Diagnosis of Hodgkins Lymphoma
Hodgkins lymphoma must be singled out from diseases with similar symptoms, such as benign lymph node swellings, caused by infections, and also from other forms of cancer.
Blood tests are carried out as part of investigations to detect lymphoma. However, these tests are not totally reliable and have to be supported by other tests. Blood tests are done for the following reasons:
► Count the red and white blood cells and platelets. Hodgkins lymphoma can cause reduction in the blood cell numbers.
► In Hodgkins disease, the malignant cells, now identified to be a type of B-lymphocytes, are called Reed-Sternberg cells. (RSC), after the two doctors who first identified and described them. When seen under the microscope, they look different from non-Hodgkins lymphoma cells and other cancers.
► Blood tests are also done to evaluate the changes, brought on by the disease, in the functions of certain vital organs.
Lymph node biopsy- For a definitive diagnosis, a sample of the lymph node tissue is removed (biopsy) for pathological evaluation in a laboratory. This microscopic analysis helps to diagnose the lymphoma, to assess its type and stage and also to plan the type of treatment.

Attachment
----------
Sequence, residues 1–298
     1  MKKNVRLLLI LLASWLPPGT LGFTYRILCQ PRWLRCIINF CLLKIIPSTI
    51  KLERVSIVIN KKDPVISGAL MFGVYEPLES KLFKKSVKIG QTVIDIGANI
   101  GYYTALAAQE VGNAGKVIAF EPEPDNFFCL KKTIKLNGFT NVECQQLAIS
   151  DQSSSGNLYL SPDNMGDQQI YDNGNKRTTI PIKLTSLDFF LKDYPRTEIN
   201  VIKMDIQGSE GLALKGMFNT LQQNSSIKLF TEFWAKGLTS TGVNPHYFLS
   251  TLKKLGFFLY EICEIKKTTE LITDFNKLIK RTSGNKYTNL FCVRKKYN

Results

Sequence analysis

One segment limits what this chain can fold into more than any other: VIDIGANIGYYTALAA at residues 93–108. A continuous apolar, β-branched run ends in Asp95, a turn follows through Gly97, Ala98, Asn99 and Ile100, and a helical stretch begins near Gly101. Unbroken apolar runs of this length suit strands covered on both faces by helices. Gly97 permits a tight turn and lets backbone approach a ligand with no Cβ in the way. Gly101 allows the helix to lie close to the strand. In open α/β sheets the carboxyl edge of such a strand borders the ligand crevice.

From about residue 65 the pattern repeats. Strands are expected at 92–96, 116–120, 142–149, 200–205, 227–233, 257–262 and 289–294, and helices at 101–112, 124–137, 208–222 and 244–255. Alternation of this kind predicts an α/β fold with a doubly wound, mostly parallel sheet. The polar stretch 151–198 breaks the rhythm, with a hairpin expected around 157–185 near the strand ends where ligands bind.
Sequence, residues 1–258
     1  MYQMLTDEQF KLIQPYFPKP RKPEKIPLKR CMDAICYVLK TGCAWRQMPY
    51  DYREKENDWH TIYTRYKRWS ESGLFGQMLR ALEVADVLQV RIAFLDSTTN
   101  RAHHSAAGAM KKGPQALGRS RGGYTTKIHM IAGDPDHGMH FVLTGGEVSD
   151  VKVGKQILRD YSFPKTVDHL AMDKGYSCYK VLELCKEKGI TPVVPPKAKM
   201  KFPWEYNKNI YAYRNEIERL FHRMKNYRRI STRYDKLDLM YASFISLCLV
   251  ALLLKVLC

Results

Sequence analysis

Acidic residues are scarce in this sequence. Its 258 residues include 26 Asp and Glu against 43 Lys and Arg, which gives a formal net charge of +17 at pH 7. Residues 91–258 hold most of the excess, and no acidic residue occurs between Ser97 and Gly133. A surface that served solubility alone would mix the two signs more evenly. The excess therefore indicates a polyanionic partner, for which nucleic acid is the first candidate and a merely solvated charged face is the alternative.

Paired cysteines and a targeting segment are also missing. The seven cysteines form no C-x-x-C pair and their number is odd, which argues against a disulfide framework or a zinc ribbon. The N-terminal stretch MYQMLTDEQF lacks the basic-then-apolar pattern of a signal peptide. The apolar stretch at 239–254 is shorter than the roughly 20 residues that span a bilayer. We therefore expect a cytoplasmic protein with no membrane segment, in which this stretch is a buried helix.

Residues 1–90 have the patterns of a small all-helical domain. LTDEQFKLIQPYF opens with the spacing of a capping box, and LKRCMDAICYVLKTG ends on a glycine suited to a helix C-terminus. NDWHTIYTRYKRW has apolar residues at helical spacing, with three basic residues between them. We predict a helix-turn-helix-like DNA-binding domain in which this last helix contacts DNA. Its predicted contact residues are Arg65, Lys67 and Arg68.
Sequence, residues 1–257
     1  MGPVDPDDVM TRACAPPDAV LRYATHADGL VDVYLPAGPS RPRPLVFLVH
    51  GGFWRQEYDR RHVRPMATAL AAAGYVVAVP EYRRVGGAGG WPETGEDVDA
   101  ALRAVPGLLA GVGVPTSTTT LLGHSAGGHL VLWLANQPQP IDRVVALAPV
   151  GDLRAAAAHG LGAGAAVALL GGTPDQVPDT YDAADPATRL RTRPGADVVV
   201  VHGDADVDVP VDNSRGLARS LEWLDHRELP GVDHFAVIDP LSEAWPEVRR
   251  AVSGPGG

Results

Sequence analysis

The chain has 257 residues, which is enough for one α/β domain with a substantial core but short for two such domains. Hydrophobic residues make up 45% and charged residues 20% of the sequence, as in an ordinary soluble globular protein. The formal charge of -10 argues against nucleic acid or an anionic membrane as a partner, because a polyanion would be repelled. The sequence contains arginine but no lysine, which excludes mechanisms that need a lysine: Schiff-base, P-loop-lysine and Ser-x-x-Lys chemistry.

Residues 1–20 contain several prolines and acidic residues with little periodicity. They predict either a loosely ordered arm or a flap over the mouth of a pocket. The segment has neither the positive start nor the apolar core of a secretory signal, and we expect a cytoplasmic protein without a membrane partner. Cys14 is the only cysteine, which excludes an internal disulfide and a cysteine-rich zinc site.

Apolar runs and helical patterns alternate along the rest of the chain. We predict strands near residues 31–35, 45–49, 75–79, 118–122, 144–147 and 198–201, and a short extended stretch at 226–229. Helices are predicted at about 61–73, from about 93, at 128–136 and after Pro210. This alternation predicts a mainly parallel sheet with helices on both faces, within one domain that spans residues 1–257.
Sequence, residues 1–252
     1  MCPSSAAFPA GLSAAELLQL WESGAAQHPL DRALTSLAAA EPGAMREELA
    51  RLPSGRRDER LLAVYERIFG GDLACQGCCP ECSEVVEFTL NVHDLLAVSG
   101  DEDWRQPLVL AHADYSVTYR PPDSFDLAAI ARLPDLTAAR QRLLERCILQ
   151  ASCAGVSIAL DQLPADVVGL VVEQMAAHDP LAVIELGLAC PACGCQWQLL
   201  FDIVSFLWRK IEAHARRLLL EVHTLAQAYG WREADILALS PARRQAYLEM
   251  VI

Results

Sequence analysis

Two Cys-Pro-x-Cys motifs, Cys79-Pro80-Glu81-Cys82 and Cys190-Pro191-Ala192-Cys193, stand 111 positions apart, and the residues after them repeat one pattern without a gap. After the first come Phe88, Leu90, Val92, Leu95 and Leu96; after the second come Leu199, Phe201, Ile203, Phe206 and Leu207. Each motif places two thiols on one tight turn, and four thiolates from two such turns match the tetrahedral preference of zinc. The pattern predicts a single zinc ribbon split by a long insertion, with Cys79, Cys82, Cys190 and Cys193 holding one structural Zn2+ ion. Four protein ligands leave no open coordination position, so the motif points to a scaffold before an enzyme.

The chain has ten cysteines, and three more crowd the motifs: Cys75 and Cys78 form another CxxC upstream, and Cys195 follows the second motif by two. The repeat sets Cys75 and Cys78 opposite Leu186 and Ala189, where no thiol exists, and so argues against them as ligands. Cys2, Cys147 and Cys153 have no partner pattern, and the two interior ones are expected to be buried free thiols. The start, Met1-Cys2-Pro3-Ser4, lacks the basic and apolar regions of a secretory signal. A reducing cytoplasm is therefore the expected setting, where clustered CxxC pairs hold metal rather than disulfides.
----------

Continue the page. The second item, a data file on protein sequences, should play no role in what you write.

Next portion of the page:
Staging the Disease before commencing the treatment is most crucial and for this various imaging investigation are used. Sometimes surgery maybe necessary.
Imaging studies,- such as Chest X-ray, Computed Tomography (CT or CAT) scan or, Magnetic Resonance imaging (MRI) or Positron Emission Tomography or a Gallium scan can be done.
Of all the imaging studies, Positron Emission Tomography (PET) scanning is the most sensitive in determining the stage of the disease and also on follow up to look at the response to treatment. The advantage with PET scan is that it gives images of areas which are still living and differentiate it from areas which are dead or scarred after the treatment.
In the Gallium scanning that is used for staging and to look at the effects of treatment, a small dose of Gallium (radioactive material) is first injected into the bloodstream and a special camera is used to look at its uptake by living tissues after a period of 3 to 4 days.
If staging is required to stage the disease, spleen is removed and biopsy of the liver is done to look at its spread. This is doine either by open technique or laparoscopically.
Lumbar puncture or a spinal tap may be done to see if lymphoma has spread to the central nervous system.
Depending on these tests the doctor will:
► Confirm the diagnosis
► Identify the stage of the disease, how far it has spread within the body
► Assess Degree and speed of growth of the tumor
► Assess the risk and the patient’s chances of survival